Are you concerned when you hear your baby wheezing? You’re not alone. “Wheezing is very common in infants,” says Dr. Stanley J. Szefler, a pediatrician and the head of pediatric clinical pharmacology at National Jewish Health in Denver. “Almost one in three children has a wheezing episode at some time in early childhood.”
The good news: A new study published in Pediatric Allergy and Immunology has identified consistent risk factors for wheezing in infants -- which means there are steps you can take to help prevent it.
Remember when you were a kid and you’d blow up a balloon, then squeeze the opening shut and let air out little by little to make funny noises? Think of that balloon as your baby’s lungs. Your baby’s airway is smaller in diameter than an adult’s, and it becomes even narrower when he has a cold. “The airway wall thickens and increases the resistance of air being moved in and out of the lungs,” explains Szefler. “The wheezing is the sound that you hear when he’s having trouble pushing air in and out of that narrowed passageway.”
Is It Asthma?
It’s true that wheezing is a classic asthma symptom. But don’t assume your baby suffers from asthma, which affects nearly 10 percent of children, according to the U.S. Centers for Disease Control and Prevention. Even a run-of-the-mill cold can cause wheezing sounds, and let’s face it: Your kid is a walking sniffle machine. His immune system hasn’t yet built up the antibodies necessary to fight off common viruses. Many infants who wheeze grow out of it as their immune system grows stronger and the airways get larger, so doctors advise against diagnosing children under age 4 with asthma.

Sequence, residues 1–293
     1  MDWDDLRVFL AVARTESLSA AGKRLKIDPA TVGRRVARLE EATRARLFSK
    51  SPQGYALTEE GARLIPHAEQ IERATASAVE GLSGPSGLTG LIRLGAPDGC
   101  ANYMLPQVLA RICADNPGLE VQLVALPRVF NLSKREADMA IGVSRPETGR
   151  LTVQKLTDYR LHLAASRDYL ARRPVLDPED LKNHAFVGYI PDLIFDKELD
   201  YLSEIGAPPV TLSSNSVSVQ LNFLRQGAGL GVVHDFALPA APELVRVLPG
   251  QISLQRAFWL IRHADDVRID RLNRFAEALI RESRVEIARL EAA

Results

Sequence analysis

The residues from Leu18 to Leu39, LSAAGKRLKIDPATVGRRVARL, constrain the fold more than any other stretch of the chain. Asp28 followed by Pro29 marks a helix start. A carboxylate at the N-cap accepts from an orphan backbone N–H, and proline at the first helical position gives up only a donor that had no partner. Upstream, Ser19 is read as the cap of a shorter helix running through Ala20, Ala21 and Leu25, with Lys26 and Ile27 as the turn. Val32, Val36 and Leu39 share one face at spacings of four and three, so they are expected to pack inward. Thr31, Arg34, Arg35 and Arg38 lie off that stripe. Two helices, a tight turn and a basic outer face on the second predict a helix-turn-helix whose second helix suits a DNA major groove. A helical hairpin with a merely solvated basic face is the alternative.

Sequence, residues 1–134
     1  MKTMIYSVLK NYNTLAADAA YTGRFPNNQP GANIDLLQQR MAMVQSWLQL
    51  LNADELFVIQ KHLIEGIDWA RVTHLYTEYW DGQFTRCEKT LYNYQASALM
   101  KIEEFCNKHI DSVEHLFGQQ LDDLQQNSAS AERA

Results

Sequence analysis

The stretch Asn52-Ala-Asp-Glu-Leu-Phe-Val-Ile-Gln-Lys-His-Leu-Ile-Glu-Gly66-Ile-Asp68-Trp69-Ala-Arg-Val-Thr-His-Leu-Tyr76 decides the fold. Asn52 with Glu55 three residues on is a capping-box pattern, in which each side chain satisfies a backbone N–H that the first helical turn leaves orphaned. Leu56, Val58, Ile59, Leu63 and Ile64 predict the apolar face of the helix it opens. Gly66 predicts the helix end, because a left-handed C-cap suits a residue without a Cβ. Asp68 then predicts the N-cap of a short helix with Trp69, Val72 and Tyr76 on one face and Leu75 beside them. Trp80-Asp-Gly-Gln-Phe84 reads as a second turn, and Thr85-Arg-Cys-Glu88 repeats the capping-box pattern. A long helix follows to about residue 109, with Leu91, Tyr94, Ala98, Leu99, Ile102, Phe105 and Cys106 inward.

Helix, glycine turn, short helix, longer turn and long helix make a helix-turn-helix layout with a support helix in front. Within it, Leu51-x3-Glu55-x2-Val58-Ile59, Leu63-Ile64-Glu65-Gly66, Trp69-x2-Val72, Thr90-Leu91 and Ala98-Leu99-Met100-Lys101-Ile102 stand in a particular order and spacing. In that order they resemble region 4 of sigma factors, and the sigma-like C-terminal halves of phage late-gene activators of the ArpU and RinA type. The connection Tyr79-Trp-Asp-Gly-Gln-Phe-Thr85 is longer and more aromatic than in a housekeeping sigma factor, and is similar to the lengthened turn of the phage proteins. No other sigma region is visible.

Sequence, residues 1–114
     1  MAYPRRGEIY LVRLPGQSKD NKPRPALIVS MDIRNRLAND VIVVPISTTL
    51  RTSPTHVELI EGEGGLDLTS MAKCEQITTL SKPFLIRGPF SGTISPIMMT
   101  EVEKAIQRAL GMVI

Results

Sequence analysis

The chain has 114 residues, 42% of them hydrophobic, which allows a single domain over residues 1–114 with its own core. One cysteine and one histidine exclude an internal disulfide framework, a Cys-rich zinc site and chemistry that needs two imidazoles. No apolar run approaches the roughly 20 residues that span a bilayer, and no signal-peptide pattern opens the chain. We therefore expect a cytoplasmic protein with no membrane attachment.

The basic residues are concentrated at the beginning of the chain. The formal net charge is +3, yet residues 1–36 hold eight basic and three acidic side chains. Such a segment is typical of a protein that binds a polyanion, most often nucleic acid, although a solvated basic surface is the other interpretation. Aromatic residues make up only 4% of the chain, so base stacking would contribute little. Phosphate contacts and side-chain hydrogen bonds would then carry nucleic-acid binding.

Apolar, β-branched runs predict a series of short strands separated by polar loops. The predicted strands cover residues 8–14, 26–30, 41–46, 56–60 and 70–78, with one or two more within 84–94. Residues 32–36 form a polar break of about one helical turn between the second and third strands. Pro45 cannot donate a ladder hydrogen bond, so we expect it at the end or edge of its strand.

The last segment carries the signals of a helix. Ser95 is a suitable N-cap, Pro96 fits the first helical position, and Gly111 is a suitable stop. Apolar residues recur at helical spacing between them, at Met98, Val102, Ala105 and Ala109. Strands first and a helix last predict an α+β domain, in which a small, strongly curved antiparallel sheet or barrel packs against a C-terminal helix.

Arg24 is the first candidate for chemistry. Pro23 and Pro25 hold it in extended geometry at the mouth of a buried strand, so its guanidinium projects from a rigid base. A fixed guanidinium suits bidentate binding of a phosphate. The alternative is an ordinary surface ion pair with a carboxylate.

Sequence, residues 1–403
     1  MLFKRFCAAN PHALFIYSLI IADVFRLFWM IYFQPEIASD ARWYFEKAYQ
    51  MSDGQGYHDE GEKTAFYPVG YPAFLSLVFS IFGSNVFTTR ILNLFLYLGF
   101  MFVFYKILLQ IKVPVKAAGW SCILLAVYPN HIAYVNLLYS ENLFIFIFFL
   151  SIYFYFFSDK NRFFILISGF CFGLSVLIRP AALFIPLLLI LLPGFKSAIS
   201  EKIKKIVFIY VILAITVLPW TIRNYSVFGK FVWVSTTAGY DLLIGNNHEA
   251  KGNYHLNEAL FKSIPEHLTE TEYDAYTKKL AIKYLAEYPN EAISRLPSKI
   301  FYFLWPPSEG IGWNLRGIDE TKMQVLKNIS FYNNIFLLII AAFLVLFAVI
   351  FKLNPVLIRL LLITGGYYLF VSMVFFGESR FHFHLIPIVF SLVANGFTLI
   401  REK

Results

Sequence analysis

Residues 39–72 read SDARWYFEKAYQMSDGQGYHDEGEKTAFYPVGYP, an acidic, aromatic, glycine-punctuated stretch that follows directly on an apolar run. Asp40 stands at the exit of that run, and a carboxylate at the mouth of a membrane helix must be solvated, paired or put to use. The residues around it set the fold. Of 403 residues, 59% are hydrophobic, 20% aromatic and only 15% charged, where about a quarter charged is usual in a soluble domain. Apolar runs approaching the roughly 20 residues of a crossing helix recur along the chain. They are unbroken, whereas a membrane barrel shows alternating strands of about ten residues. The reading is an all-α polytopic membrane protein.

However, keep in mind that even though wheezing does not necessarily indicate asthma, a baby who wheezes frequently is at higher risk for developing the condition. “About 50 percent of children who wheeze in early childhood will go on to have asthma,” says Szefler.
Researchers have identified three things you do take to keep your baby’s airways clear:
1. Don’t smoke while you’re pregnant.
In the Pediatric Allergy and Immunology study, smoking during pregnancy was linked to a 48 percent increased risk of recurrent wheezing in babies. “Some data suggests that maternal smoking may interfere with lung development. In fact, lung function is reduced in infants whose mother smoked in pregnancy,” says study author Dr. Luis Garcia-Marcos, professor of pediatrics and director of the Institute of Respiratory Health at the University of Murcia in Spain.
Other research has found that breast-feeding protects against various health conditions, including ear infections, sudden infant death syndrome (SIDS), asthma and diabetes. “Breast-feeding for three or more months was associated with a 20 percent decreased risk of recurrent wheezing compared to those who were breast-fed for a shorter period of time or not at all,” says Garcia-Marcos.
3. Don’t send your child to day care too young.
The study found that children who were in day care during the first year of life were 2.7 times more likely to experience recurrent wheezing.
“Attending nursery school increases the chances of respiratory infections, which can trigger wheezing,” says Garcia-Marcos. The researchers also discovered that babies who suffered a cold in the first three months of life were about three times more likely than other babies to develop recurrent wheezing.
Don’t panic if you notice your baby is wheezing. If he has a cold, it may be just a one-time episode. If the wheezing happens more than once and in the absence of a respiratory infection, then talk to your child’s pediatrician about an action plan. “The doctor may prescribe a medication … to prevent and/or relieve wheezing episodes,” says Szefler. Although the drugs prescribed are commonly used to treat asthma, doctors sometimes use them to help wheezing symptoms in young children, even before they’ve been diagnosed.
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